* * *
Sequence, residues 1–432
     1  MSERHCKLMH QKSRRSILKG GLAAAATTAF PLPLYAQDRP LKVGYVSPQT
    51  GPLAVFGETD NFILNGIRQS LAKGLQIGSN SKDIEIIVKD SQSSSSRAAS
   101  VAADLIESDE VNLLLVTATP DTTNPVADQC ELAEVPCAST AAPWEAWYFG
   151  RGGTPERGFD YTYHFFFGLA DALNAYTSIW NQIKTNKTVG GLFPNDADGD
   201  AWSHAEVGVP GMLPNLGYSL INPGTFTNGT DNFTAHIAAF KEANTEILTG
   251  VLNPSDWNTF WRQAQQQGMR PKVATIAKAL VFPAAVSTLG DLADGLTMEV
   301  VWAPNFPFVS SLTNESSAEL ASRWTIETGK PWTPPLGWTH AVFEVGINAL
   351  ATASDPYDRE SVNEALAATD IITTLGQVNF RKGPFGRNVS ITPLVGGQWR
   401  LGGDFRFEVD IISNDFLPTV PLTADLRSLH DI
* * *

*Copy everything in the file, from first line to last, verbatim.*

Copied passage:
Sequence, residues 1–432
     1  MSERHCKLMH QKSRRSILKG GLAAAATTAF PLPLYAQDRP LKVGYVSPQT
    51  GPLAVFGETD NFILNGIRQS LAKGLQIGSN SKDIEIIVKD SQSSSSRAAS
   101  VAADLIESDE VNLLLVTATP DTTNPVADQC ELAEVPCAST AAPWEAWYFG
   151  RGGTPERGFD YTYHFFFGLA DALNAYTSIW NQIKTNKTVG GLFPNDADGD
   201  AWSHAEVGVP GMLPNLGYSL INPGTFTNGT DNFTAHIAAF KEANTEILTG
   251  VLNPSDWNTF WRQAQQQGMR PKVATIAKAL VFPAAVSTLG DLADGLTMEV
   301  VWAPNFPFVS SLTNESSAEL ASRWTIETGK PWTPPLGWTH AVFEVGINAL
   351  ATASDPYDRE SVNEALAATD IITTLGQVNF RKGPFGRNVS ITPLVGGQWR
   401  LGGDFRFEVD IISNDFLPTV PLTADLRSLH DI